In January 1917, the war in Europe was, at best, a tragic standoff. Britain knew that all was lost unless the United States joined the war, but President Wilson was unshakable in his neutrality. At just this moment, a crack team of British decoders in a quiet office known as Room 40 intercepted a document that would change history. The Zimmermann telegram was a top-secret message to the president of Mexico, inviting him to join Germany and Japan in an invasion of the United States. How Britain managed to inform the American government without revealing that the German codes had been broken makes for an incredible story of espionage and intrigue as only Barbara W. Tuchman could tell it. Praise for The Zimmermann Telegram "A true, lucid thriller . . . a tremendous tale of hushed and unhushed uproars in the linked fields of war and diplomacy . . . Tuchman makes the most of it with a creative writer's sense of drama and a scholar's obeisance to the evidence."--The New York Times
"The tale has most of the ingredients of an Eric Ambler spy thriller."--Saturday Review
Government officials and missionaries wanted all Sioux men to become self-sufficient farmers, wear pants, and cut their hair. The Indians, confronted by a land-hungry white population and a loss of hunting grounds, sought to exchange title to their homeland for annuities of cash and food, schools and teachers, and farms and agricultural knowledge. By 1862 the Sioux realized that their extensive kinship network and religion were in jeopardy and that the government would not fulfill its promises.
With their way of life endangered, the Sioux turned to Little Crow to lead them in a war for self-preservation, a war that Little Crow had tried to avoid during most of his adult life. Within a year, the Sioux had been evicted from Minnesota, Little Crow was dead, and a way of life had vanished. Through his life-his biography-the complex interrelationship of Indian and white can be studied and, in some measure, understood.
Shortly after he left office, President Harry S. Truman began to write down his typically blunt, honest commentaries about FDR and his other colleagues, the job of the presidency, the workings of the government and the Constitution -- and his picks for the nation's best and worst presidents. Since he minced no words, Truman asked that these writings -- sometimes funny, sometimes very serious, always to the point -- be released to the public only after he and Mrs. Truman were gone.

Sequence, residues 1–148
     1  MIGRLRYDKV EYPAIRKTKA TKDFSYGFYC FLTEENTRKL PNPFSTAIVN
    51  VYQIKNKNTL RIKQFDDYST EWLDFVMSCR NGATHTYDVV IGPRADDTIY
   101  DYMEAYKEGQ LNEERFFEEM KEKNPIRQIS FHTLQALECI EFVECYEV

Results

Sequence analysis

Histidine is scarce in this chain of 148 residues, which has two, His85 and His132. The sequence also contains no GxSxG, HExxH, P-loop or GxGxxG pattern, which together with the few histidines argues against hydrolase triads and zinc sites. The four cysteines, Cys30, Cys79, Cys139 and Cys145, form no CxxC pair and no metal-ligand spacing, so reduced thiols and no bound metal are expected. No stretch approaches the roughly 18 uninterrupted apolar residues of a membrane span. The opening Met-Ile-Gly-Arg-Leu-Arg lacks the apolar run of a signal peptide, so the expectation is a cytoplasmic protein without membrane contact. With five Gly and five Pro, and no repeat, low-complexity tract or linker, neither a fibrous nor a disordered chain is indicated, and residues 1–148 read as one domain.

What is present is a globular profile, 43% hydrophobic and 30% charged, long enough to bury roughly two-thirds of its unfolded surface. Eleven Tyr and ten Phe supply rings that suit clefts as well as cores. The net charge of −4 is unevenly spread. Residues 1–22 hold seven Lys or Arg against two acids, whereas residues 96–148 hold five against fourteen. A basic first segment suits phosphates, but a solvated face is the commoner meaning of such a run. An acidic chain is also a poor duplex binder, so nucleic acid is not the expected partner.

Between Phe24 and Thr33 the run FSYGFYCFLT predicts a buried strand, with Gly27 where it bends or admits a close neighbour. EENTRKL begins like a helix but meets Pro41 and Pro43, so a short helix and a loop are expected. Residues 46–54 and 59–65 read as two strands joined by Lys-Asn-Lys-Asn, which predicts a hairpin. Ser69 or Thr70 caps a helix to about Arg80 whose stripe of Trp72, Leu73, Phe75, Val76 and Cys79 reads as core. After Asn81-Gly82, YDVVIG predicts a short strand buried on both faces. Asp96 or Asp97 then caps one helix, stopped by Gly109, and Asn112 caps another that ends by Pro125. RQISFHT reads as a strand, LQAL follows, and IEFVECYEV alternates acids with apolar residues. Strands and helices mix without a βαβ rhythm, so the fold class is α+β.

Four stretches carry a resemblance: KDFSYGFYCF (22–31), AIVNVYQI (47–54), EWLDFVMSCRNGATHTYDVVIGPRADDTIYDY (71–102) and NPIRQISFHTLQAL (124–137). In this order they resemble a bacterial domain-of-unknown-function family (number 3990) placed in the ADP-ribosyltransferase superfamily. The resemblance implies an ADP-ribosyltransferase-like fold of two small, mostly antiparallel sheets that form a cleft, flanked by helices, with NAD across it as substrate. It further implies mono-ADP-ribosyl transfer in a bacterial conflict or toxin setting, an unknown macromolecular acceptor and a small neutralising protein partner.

Now, this totally frank book by the thirty-third president, lovingly edited by his daughter, Margaret, has been published at last. In it, Truman speaks clearly in his own inimitable voice, and with the down-home, across-the-back-fence feeling of a born storyteller from Missouri, he tells you exactly what's on his mind about these and other subjects:
Abraham Lincoln measured the promise--and cost--of American freedom in lucid and extraordinarily moving prose, famous for its native wit, simple dignity of expressions, and peculiarly American flavor. This volume, with its companion, Abraham Lincoln: Speeches and Writing 1859-1865, comprises the most comprehensive selection ever published. over 240 speeches, letters, and drafts take Lincoln from rural law practice to national prominence, and chart his emergence as an eloquent antislavery advocate and defender of the constitution. included are the complete Lincoln-Douglas debates, perhaps the most famous confrontation in American political history.LIBRARY OF AMERICA is an independent nonprofit cultural organization founded in 1979 to preserve our nation's literary heritage by publishing, and keeping permanently in print, America's best and most significant writing. The Library of America series includes more than 300 volumes to date, authoritative editions that average 1,000 pages in length, feature cloth covers, sewn bindings, and ribbon markers, and are printed on premium acid-free paper that will last for centuries.
Coming into the Country is an unforgettable account of Alaska and Alaskans. It is a rich tapestry of vivid characters, observed landscapes, and descriptive narrative, in three principal segments that deal, respectively, with a total wilderness, with urban Alaska, and with life in the remoteness of the bush.
Readers of McPhee's earlier books will not be unprepared for his surprising shifts of scene and ordering of events, brilliantly combined into an organic whole. In the course of this volume we are made acquainted with the lore and techniques of placer mining, the habits and legends of the barren-ground grizzly, the outlook of a young Athapaskan chief, and tales of the fortitude of settlers--ordinary people compelled by extraordinary dreams. Coming into the Country unites a vast region of America with one of America's notable literary craftsmen, singularly qualified to do justice to the scale and grandeur of the design.
The library of America is dedicated to publishing America's best and most significant writing in handsome, enduring volumes, featuring authoritative texts. Hailed as the "finest-looking, longest-lasting editions ever made" (The New Republic), Library of America volumes make a fine gift for any occasion. Now, with exactly one hundred volumes to choose from, there is a perfect gift for everyone.
Abraham Lincoln was the greatest writer of the Civil War as well as its greatest political leader. His clear, beautiful, and at times uncompromisingly severe language forever shaped the nation's
understanding of its most terrible conflict. This volume, along with its companion, Abraham Lincoln: Speeches and Writings 1832-1858, comprises the most comprehensive selection ever published. Over 550 speeches, messages, proclamations, letters, and other writings--including the Inaugural and Gettysburg addresses and the moving condolence letter to Mrs. Bixby--record the words and deeds with which Lincoln defended, preserved, and redefined the Union.